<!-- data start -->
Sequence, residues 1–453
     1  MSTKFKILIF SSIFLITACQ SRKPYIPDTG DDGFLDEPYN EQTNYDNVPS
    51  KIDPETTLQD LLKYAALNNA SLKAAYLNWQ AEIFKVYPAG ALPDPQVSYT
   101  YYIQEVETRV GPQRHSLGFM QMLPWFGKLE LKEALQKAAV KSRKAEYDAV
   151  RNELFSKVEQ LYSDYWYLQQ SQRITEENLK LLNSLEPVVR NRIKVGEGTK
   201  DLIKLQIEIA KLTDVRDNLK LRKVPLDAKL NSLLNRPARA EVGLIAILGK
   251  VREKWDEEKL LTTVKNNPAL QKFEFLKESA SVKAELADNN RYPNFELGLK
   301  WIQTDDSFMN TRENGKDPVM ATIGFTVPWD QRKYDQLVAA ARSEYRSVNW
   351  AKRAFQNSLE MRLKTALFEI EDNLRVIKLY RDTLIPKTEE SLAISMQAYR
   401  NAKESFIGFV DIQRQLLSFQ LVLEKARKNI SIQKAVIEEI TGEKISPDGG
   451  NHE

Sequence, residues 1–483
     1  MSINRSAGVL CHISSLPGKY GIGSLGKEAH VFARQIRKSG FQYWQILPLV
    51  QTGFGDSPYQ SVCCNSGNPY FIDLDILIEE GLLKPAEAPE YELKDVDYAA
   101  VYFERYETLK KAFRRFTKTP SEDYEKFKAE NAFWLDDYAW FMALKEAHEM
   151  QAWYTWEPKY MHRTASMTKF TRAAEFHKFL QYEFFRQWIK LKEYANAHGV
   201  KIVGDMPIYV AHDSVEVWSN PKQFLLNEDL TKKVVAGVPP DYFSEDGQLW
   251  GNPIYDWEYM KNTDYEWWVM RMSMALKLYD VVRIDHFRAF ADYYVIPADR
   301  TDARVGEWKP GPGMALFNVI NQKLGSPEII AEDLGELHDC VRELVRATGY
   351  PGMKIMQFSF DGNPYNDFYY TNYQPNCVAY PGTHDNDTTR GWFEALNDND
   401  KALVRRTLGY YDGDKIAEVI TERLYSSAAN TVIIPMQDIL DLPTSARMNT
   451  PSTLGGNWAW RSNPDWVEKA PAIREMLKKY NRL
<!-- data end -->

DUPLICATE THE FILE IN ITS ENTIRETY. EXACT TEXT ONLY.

Sequence, residues 1–453
     1  MSTKFKILIF SSIFLITACQ SRKPYIPDTG DDGFLDEPYN EQTNYDNVPS
    51  KIDPETTLQD LLKYAALNNA SLKAAYLNWQ AEIFKVYPAG ALPDPQVSYT
   101  YYIQEVETRV GPQRHSLGFM QMLPWFGKLE LKEALQKAAV KSRKAEYDAV
   151  RNELFSKVEQ LYSDYWYLQQ SQRITEENLK LLNSLEPVVR NRIKVGEGTK
   201  DLIKLQIEIA KLTDVRDNLK LRKVPLDAKL NSLLNRPARA EVGLIAILGK
   251  VREKWDEEKL LTTVKNNPAL QKFEFLKESA SVKAELADNN RYPNFELGLK
   301  WIQTDDSFMN TRENGKDPVM ATIGFTVPWD QRKYDQLVAA ARSEYRSVNW
   351  AKRAFQNSLE MRLKTALFEI EDNLRVIKLY RDTLIPKTEE SLAISMQAYR
   401  NAKESFIGFV DIQRQLLSFQ LVLEKARKNI SIQKAVIEEI TGEKISPDGG
   451  NHE

Sequence, residues 1–483
     1  MSINRSAGVL CHISSLPGKY GIGSLGKEAH VFARQIRKSG FQYWQILPLV
    51  QTGFGDSPYQ SVCCNSGNPY FIDLDILIEE GLLKPAEAPE YELKDVDYAA
   101  VYFERYETLK KAFRRFTKTP SEDYEKFKAE NAFWLDDYAW FMALKEAHEM
   151  QAWYTWEPKY MHRTASMTKF TRAAEFHKFL QYEFFRQWIK LKEYANAHGV
   201  KIVGDMPIYV AHDSVEVWSN PKQFLLNEDL TKKVVAGVPP DYFSEDGQLW
   251  GNPIYDWEYM KNTDYEWWVM RMSMALKLYD VVRIDHFRAF ADYYVIPADR
   301  TDARVGEWKP GPGMALFNVI NQKLGSPEII AEDLGELHDC VRELVRATGY
   351  PGMKIMQFSF DGNPYNDFYY TNYQPNCVAY PGTHDNDTTR GWFEALNDND
   401  KALVRRTLGY YDGDKIAEVI TERLYSSAAN TVIIPMQDIL DLPTSARMNT
   451  PSTLGGNWAW RSNPDWVEKA PAIREMLKKY NRL